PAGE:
Antonio Gramsci

Towards an Intellectual Biography

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Alistair Davidson

Many large Italian cities have a main thoroughfare ‘via Gramsci’, showing that the Communist leader has become part of Italy’s ‘national patrimony’, while internationally, the interest in Gramsci’s writings is second to none.
As a consequence of this fame, Gramsci’s heritage is claimed by rival groups: on the one hand by those who hope to establish his writings as ‘sacred texts’ for their own policies and on the other by those who stress any differences with Lenin in order to prove Gramsci a ‘rebel’.
A great merit of this biography is that it lifts the study of Gramsci away from the sterile debate about whether he was or was not a Leninist; another achievement of the author has been to integrate the circumstances of Gramsci’s life – the childhood in Sardinia, the politics of the left in the 1920s, the years of exile and prison – with his developing political and philosophical ideas.

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Alan Sennett

Revolutionary Marxism in Spain, 1930-1937 examines the impact of Trotsky’s political thought upon those Spanish communists who dissented from the ‘general line’ laid down by Moscow. It explores the political ideas of leading POUM figures, Andreu Nin and Joaquín Maurín, and their complex relationship with Trotsky. The contention is that the POUM owed far more to Trotsky than many of the party’s historians care to admit. Drawing heavily upon Spanish sources, the book seeks to present and explain the POUM’s political ideas in order to understand why the party adopted the positions it did. The author engages with broader scholarly debates around the role of the POUM in the Spanish Civil War and Revolution, especially those surrounding the Popular Front.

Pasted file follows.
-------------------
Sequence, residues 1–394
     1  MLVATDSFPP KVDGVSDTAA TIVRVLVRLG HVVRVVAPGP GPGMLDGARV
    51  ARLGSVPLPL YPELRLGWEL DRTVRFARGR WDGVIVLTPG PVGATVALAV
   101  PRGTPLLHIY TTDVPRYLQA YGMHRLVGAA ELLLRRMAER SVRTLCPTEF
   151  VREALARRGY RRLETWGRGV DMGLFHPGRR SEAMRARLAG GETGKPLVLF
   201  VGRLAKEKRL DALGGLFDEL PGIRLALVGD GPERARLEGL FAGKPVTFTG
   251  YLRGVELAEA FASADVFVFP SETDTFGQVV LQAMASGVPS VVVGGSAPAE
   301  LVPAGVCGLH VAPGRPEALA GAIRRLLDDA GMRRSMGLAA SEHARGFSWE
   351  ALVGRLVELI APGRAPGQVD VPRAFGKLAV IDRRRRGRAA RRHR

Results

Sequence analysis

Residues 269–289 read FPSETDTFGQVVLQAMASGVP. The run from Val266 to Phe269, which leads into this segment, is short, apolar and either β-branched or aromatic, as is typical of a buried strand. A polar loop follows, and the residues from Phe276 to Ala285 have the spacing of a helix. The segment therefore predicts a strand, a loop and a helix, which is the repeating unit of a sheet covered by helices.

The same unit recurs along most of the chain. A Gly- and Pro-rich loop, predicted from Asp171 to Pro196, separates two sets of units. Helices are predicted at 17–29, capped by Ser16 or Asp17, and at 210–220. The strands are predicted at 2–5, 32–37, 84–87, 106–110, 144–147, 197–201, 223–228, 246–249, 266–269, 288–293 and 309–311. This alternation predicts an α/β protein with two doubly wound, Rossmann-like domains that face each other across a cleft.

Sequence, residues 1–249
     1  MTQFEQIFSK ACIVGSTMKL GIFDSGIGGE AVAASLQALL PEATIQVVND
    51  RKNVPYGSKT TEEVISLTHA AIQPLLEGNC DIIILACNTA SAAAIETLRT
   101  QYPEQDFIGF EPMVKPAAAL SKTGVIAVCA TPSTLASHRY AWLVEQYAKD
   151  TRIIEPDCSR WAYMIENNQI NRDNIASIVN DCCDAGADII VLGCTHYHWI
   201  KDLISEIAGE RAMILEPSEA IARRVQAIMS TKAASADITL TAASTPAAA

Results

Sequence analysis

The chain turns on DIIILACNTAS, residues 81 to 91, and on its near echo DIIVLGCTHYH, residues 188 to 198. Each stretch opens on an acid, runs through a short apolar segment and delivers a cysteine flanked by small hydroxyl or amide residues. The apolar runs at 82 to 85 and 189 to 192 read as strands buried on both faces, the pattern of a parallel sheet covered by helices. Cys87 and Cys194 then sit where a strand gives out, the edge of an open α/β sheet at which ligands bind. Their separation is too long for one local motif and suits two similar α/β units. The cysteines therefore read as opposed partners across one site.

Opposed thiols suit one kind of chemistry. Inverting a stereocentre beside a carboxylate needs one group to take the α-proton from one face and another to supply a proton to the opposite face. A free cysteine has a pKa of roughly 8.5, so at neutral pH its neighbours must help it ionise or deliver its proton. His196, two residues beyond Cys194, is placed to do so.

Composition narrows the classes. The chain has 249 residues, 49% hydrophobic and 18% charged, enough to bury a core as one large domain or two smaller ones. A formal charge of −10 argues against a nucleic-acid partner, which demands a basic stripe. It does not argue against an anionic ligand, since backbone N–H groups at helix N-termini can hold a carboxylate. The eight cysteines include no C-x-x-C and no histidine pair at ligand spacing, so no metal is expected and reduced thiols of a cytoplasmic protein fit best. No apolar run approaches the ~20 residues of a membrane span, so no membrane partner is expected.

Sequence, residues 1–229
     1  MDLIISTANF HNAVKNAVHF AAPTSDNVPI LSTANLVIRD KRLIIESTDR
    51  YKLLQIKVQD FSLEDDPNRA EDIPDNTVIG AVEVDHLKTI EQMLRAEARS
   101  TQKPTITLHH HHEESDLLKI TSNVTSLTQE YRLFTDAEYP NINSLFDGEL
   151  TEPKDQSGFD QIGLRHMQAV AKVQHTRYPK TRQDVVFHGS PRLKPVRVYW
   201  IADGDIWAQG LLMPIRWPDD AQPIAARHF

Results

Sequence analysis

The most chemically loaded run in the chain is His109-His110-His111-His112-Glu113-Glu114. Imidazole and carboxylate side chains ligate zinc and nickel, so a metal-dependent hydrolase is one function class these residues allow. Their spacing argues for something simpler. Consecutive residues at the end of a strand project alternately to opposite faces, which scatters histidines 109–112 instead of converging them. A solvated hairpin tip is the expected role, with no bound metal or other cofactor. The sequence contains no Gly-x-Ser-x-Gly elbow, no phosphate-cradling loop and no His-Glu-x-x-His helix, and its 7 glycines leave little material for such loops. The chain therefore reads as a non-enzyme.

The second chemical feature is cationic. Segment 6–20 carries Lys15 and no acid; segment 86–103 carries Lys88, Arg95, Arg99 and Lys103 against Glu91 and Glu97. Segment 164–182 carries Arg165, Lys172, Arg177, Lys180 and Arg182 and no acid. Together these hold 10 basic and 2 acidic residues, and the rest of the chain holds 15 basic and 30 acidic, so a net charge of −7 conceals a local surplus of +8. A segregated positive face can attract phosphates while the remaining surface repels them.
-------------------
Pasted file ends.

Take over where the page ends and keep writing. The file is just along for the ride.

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Eugene Gogol

Toward a Dialectic of Philosophy and Organization is an exploration of Hegel’s dialectic and its radical re-creation in Marx’s thought within the context of revolutions and revolutionary organizations in the nineteenth and twentieth centuries. Does a dialectic in philosophy itself bring forth a dialectic in revolutionary organization? This question is explored via organizational practices in the Paris Commune, the 2nd International, the Russian Revolutions of 1905 and 1917, the Spanish Revolution of 1936-37 and the Hungarian Revolution of 1956, as well as the theoretical-organizational concepts of such thinkers as Lassalle, Lenin, Luxemburg, Trotsky and Pannekoek.

“What Philosophic-Organizational Vantage Point Is Needed for Revolutionary Transformation Today?” is examined by engaging the theoretical arguments of a number of thinkers. Among them: Adorno, Dunayevskaya, Hardt and Negri, Holloway, Lebowitz, Lukcás, Mészáros and Postone.